And suddenly after looking at the hoarding that evening, I wondered to myself "What a hypocrite, I must be?"

Am I not?

Pic coutersy:

Monday, January 01, 2007

Ridiculous, The Price Regulations

At the first read, I thought it was great news for cinema goers! The Government of Tamil Nadu had announced that cinema theaters in the State cannot charge beyond a certain price. So, the prices of a premium ticket could not exceed Rs. 50 and the minimum had to be Rs. 10. The prices in theaters beyond the city limits were designed to be so low that one would not mind traveling distances to watch flicks.

Well, this was another pro-poor people step by the DMK Government.

Isn't it the best gift that a movie-crazy Tamilians could get, close to Pongal?

Suddenly, my practical soul woke up. I prefer going to only a couple of theaters in town. This would limit my choices to Satyam and Mayajaal. Whenever I would want to do a full family outing that means with my pets, I preferred Prarthana Drive Inn. Now prices at Satyam and Mayajaal are definitely on the higher side. But so is the quality of experience. There is ample parking, good AC, ease of booking, the interiors of the theater, the promotions they run, well maintained utilities, snack bars, seats, audio, screens...the list doesn't end.

Satyam is a case study by itself. A couple of years back, all theaters in Chennai were more similar to each other. One could buy tickets only in black. The theaters by themselves would be very, very, very dirty. Satyam has really changed the rules of the game.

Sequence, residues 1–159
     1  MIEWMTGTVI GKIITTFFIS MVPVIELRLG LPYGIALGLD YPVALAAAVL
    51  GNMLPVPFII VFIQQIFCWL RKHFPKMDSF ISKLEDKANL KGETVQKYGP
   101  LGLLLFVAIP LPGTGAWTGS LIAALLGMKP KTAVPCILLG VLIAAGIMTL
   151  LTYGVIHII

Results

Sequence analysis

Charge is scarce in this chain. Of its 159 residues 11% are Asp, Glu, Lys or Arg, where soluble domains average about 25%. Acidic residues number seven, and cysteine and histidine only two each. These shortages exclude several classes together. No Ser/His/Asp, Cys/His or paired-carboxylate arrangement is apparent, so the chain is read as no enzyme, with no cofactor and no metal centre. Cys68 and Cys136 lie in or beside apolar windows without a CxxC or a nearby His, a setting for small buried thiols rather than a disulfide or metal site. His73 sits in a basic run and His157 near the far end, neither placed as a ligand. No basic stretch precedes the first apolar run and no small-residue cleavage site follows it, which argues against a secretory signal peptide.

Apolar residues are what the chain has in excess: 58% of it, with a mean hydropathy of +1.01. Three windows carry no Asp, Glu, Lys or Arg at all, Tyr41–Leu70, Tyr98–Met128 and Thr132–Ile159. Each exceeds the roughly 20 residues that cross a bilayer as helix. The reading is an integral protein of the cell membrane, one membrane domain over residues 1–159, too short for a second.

Back to price regulation. I strongly believe that no Government has a role to play in price regulations. And that too regulating the price in theaters is ridiculous and absolute nonsense. In a free economy, firms compete and excel based on understanding of its customers, offering services and charging accordingly. The consumer has the final say on whether he wants to accept products or services at a desired price. In such a case, there is enough opportunity for all players. So, is the choice for customers.

It is bewildering as to why the Government is keen on regulating the price?

Some of news report suggest that the prices at theaters have sky rocketed and have become unacceptable or inaccessible for cinema-goers. Then another group claimed that the move will make piracy unattractive. That could be true!

But why cinema tickets? Is there anything better that it can do? Maybe like, give DVD players, mobile phones, cable connections and many more things free of cost to poor people.

As if regulating petrol prices is not enough.

A little birdie informed me that the kith-and-kin of someone very close the Power in TN has forayed into Film Production and Distribution. So, the person wanted the distribution rights of flicks of top actors due to released shortly. It was denied to them. And thus, to teach a lesson to the people who denied them the business, the Government brought down the prices at cinema theaters.

Not sure if that is true.

Anyways, so what happens if the prices are reduced?

It's a chain reaction. If the prices are brought down, the profits of cinema theater owners goes down. Since their profits go down, they bargain with distributors. Since it takes longer to make profit from a flick now, the distributors take longer to make profits. So, where do the producers go? To the actors. Why? Because, the cost of stars is the biggest component of film making.

Got it?

What a vicious cycle? Scary isn't it? Wonder if that happens to you.